Notice the difference between this question — which basically translates to, "What will do?" — and is very different from a more standard reductionist question, "What is ?"
Scientists' areas of expertise have become so specialized that communication among scientists who are allegedly in the same field has become difficult, if not impossible.
You also have scientists falling into the groups of "theorist" and "experimentalist"
A recent renaissance in science has largely come about thanks to computers
What types of simulations have been built?
In all cases, scientists have found beauty and elegance in modeling systems that consist of simple, parallel, iterative, and/or adaptive elements. More important, scientists have been making discoveries that have been relevant to multiple fields. Thus, in many ways, the computer has reversed the trend toward fragmentation and has helped the sciences converge to a common point.
The book covered five major parts. The first part is the general introduction and the remaining four are what Flake considers to be the four most interesting computational topics of today:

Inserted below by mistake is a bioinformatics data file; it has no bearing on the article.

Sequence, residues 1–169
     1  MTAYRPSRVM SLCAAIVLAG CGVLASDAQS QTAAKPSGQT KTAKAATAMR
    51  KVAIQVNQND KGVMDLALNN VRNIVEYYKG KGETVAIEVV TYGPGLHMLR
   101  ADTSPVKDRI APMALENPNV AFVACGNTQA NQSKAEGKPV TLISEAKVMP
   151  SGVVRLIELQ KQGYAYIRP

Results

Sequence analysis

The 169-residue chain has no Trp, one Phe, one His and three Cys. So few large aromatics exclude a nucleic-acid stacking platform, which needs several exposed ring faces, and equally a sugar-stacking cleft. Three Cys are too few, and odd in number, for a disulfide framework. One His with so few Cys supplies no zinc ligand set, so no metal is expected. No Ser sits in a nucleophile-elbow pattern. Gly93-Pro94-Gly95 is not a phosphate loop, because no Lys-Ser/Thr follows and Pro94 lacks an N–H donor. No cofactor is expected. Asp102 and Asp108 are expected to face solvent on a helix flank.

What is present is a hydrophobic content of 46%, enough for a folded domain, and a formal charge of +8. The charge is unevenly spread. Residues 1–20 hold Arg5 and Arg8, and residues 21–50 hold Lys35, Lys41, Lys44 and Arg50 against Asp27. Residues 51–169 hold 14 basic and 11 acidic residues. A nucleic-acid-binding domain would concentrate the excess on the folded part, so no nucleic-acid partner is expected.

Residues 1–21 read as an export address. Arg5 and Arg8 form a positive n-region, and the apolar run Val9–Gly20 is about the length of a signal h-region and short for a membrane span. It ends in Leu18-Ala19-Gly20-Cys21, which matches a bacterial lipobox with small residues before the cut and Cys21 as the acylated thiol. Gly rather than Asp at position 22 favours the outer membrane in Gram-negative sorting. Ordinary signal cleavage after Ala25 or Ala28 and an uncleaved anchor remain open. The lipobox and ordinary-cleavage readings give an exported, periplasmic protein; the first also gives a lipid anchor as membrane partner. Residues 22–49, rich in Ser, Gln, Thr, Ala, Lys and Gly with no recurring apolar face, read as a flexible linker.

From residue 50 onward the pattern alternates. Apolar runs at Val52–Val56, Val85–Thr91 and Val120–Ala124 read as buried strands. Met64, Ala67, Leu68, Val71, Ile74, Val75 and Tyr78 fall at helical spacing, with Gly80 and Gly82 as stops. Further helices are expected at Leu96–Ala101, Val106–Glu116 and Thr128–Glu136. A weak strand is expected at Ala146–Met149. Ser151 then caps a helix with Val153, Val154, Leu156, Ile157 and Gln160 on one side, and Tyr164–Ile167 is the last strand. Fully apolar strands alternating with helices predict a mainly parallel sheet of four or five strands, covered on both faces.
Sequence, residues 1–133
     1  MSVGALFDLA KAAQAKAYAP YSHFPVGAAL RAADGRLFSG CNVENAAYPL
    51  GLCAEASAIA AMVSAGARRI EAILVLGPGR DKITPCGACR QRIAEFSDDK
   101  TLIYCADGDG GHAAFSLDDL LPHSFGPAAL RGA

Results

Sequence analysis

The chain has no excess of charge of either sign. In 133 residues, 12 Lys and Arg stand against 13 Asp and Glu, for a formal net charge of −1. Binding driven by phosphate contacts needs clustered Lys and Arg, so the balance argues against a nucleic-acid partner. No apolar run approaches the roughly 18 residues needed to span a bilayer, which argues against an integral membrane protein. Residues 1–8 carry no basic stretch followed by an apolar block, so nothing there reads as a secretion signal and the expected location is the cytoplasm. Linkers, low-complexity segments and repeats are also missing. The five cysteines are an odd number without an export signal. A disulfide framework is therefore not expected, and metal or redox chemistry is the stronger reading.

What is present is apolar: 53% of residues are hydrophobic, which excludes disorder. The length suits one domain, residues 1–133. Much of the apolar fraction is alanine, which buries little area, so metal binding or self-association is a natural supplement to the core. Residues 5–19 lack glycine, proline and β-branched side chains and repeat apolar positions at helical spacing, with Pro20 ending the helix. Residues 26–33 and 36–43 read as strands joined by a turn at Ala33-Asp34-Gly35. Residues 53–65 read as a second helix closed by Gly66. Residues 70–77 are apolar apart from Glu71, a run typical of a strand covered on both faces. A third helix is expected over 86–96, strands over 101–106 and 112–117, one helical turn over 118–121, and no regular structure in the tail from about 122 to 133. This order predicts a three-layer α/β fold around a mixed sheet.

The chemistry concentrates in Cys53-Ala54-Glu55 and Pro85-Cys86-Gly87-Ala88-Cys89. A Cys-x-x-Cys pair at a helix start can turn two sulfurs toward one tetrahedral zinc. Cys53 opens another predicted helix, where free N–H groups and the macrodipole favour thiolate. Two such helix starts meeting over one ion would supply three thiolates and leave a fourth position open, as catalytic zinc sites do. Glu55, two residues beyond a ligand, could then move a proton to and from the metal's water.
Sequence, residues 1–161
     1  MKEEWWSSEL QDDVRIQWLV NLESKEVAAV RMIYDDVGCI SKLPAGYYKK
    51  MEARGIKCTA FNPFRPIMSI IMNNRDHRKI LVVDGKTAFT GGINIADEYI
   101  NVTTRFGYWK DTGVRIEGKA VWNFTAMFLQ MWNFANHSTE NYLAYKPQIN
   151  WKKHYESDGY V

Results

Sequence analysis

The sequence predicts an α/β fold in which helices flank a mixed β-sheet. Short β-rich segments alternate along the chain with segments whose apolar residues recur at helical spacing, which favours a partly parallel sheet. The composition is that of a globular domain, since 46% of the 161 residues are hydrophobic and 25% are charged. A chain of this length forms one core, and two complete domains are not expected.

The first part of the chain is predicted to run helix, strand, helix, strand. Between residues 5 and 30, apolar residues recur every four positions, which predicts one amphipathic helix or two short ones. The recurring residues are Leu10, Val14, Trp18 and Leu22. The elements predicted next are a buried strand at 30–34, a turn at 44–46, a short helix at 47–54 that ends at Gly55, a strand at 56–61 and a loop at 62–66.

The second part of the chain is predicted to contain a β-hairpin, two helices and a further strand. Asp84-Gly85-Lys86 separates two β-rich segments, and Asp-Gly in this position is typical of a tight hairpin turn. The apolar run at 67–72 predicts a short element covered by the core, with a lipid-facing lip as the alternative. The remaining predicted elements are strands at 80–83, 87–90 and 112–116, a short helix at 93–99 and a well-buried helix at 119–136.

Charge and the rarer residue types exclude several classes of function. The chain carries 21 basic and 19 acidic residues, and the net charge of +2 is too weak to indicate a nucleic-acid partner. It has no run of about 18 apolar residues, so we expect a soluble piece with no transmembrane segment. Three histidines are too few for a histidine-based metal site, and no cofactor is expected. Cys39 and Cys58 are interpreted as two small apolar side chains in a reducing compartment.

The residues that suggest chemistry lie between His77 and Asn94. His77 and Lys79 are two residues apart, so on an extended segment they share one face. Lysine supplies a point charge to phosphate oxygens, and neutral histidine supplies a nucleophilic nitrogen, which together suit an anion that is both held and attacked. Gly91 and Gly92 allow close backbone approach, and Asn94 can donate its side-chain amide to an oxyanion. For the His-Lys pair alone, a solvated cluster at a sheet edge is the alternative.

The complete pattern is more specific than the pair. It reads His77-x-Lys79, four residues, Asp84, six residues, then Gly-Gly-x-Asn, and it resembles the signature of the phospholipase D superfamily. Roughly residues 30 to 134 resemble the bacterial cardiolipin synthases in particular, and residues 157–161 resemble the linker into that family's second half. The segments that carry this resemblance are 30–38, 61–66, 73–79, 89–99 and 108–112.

Fractals — beautiful images which can be efficiently produces by iterating equations. Since they can be computationally described, it is interesting to see that they are often found in natural systems. I.e. the growth of trees or the branching of bronchial tubes in human lungs
Chaos — A special type of fractal, known as strange attractors are often associated with Chaos. Chaos makes the future behavior of deterministic systems such as weather, economies, and biological systems impossible to predict in the long term but predictable in the short term.
Complex systems — Complex systems consist of many very simple units that interact. The amount of interactions among agents partially determines the degree of the systems chaos. One extreme has very little interaction, this leads to static patterns. On the other end, we have intense interaction which can boils down to complete chaos.